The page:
Posted on December 2, 2019

When you start your own business, there are a lot of things to think about. You’re concentrating on that thing that you do best and may not even consider some of the accounting tasks that need to be done. Invoicing could be one of them.


First of all, what do we mean by Invoicing? It’s pretty simple. If you want to be paid, you need to send your customer an invoice. It’s the document that explains what you sold and how much you charged for it. Your customer wants to see this document for a couple of reasons. First, he wants to be sure you are expecting him to pay the amount of money you agreed upon when you decided to do business together. Second, he needs documentation for the IRS. If he’s audited, the friendly IRS representative will ask for proof that he paid what he says he paid and to whom.

Keep in mind, too, that some people are waiting for that invoice before they put your company in their queue for getting paid. If you don’t send an invoice, you aren’t getting in the queue. You want to be in that queue, don’t you? Near the top!

What is the best system for managing your invoices? There are a few things to consider:

1 – How is your invoice getting to your customer? Automate, automate, automate! Do you want to be in the pile of other papers that came in through the regular mail? No, you really want to be delivered electronically. You want to hit someone’s inbox so that all they have to do is transfer that document directly into their accounting system. Nobody wants to scan and attach a document. Even worse, nobody wants to keep paper in file folders.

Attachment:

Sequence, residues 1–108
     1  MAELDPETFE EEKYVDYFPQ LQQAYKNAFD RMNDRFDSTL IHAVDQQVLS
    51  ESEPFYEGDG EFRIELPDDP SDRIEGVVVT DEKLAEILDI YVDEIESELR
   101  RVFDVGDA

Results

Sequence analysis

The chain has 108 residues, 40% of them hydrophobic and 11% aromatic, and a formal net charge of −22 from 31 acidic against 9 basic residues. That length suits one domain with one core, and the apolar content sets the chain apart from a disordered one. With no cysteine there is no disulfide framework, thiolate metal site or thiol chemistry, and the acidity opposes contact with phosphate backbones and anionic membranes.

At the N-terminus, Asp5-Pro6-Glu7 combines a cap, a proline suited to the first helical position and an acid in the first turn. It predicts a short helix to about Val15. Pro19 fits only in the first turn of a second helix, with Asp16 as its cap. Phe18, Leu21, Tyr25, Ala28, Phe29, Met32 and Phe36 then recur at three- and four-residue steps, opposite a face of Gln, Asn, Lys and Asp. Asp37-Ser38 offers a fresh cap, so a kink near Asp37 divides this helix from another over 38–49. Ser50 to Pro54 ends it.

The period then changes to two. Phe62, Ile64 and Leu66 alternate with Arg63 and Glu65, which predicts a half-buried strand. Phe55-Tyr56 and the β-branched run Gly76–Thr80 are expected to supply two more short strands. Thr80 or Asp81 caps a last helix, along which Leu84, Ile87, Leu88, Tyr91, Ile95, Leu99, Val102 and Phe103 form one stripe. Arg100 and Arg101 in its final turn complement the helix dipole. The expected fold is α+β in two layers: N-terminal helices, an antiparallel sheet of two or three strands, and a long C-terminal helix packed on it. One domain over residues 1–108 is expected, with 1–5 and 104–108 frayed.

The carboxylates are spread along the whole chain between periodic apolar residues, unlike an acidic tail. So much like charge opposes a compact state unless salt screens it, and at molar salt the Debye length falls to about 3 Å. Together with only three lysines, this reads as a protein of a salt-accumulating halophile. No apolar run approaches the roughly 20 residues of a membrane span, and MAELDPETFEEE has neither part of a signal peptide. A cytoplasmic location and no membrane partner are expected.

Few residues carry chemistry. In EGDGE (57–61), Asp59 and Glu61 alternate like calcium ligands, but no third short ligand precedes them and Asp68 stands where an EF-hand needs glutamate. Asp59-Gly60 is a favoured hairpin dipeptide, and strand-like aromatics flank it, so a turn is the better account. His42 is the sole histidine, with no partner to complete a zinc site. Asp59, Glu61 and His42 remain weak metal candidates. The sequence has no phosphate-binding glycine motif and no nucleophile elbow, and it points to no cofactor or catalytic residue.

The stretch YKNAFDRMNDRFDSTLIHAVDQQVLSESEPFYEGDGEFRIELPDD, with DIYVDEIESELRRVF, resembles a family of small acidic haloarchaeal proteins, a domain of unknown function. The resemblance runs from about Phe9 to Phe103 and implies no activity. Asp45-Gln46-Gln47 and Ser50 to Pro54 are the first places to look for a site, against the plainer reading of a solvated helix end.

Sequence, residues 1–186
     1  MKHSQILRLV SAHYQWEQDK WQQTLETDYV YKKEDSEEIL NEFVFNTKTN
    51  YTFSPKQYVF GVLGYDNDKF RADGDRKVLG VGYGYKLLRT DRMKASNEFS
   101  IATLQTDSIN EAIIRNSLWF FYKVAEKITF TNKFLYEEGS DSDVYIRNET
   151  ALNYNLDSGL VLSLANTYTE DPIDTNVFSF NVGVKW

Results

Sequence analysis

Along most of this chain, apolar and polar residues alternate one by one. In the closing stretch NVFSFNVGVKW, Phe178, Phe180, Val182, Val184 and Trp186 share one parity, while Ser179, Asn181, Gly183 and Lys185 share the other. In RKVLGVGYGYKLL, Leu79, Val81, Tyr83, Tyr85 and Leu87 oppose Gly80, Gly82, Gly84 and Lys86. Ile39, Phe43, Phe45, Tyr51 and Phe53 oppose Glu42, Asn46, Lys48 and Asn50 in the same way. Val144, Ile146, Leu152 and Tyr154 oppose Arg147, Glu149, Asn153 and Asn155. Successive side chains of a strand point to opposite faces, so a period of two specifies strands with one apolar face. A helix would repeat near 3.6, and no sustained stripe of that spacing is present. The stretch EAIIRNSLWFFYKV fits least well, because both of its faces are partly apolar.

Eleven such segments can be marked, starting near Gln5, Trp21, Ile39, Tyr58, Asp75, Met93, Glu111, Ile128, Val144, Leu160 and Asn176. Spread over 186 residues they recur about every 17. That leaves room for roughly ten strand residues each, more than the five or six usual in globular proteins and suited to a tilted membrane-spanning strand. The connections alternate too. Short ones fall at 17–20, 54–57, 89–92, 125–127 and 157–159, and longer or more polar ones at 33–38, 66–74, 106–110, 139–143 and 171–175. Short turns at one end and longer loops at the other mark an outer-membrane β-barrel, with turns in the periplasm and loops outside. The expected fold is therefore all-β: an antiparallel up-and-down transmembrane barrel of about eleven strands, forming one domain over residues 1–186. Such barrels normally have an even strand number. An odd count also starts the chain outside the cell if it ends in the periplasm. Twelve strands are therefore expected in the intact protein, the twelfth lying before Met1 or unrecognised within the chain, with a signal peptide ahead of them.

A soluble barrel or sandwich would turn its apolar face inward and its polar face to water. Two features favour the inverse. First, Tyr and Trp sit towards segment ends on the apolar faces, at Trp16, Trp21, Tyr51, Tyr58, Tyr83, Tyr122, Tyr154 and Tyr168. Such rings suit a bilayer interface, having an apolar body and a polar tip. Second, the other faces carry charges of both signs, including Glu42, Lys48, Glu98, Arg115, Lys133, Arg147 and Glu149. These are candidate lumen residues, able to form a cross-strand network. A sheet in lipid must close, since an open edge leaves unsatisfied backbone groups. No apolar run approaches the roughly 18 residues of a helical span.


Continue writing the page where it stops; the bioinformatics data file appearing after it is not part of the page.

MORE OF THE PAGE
2 – How are you getting paid? The best part of electronic delivery is the “Pay Now” link. How easy is it to get paid when all the customer has to do is hit a link in the email? Everything he needs to pay you is literally at his fingertips. He can look at the invoice, check that it’s what he expected, and hit the button for payment. Fast and easy.

3 – Is it going to the right person? From the beginning of your business relationship with this customer, make sure you know who will pay the bill. It does you no good to follow all the efficiency tips if you send it off to someone who has no authority to pay. Make this part of your discovery process. Who pays the bills? You don’t want to be deleted!

4 – What is your payment schedule? What is your customer’s schedule? Do they agree? You should cover terms in your initial conversation with this customer and document them in your paperwork. Make sure the terms are clearly stated on the invoice. If you don’t list the terms, when is your customer going to pay you? When he gets around to it, most likely. 

5 – What’s your Communication policy? If you aren’t paid right away, it’s a good idea to send a friendly reminder a day or two before the due date.  If that doesn’t get results, try again a few days after. One thing is certain – if your customer is looking for an excuse not to pay, your silence feeds his procrastination habit. Don’t facilitate late payment! Communication is quick and easy. You don’t have to just ask for payment. You can also let your customers know how much you appreciate the business. A heartfelt thank you is never a bad idea.

The proper management of your invoices may sound like a lot of work to a new business owner. You just want to concentrate on doing your thing and have all the above happen almost magically, right? Then you want to use InvoiceSherpa. It’s the perfect app to integrate with Quickbooks Online to take care of all of the steps above in managing your invoices. You can customize the emails that go out before and after payment is made. You can set reminders. You can even have it add late fees if need be.

You didn’t start a business to spend your days chasing payments. Use InvoiceSherpa to manage your invoices, and you can get back to doing what you love.